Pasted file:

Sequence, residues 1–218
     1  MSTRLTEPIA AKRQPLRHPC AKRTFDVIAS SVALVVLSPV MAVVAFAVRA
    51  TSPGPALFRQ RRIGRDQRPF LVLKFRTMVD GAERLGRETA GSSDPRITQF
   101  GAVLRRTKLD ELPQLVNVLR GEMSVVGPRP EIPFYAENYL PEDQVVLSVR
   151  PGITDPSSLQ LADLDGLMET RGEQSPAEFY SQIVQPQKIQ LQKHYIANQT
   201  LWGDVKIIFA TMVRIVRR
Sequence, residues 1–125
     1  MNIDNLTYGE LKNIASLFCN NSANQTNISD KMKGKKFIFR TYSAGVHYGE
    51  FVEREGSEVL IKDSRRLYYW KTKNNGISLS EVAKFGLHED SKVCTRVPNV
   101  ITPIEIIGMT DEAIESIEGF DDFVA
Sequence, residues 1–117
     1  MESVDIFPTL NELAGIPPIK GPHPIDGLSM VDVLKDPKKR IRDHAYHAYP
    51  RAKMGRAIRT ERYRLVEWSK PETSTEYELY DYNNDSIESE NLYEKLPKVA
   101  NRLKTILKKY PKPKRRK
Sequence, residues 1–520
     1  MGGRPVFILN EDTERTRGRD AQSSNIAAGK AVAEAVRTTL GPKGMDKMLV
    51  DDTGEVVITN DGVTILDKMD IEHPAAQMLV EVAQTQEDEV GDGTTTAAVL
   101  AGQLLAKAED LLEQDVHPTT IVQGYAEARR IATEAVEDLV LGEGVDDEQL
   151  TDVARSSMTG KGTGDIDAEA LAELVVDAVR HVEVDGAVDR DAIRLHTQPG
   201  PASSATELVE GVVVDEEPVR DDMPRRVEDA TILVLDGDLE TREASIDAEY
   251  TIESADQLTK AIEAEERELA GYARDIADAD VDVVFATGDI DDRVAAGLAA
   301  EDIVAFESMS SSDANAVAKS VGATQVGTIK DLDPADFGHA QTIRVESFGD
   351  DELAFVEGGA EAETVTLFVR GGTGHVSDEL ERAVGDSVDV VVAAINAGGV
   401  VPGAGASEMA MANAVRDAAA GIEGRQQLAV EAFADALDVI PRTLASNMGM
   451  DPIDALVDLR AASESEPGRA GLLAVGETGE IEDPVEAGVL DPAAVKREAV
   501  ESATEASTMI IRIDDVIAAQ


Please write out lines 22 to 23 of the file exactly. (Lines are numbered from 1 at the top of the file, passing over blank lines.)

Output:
   301  EDIVAFESMS SSDANAVAKS VGATQVGTIK DLDPADFGHA QTIRVESFGD
   351  DELAFVEGGA EAETVTLFVR GGTGHVSDEL ERAVGDSVDV VVAAINAGGV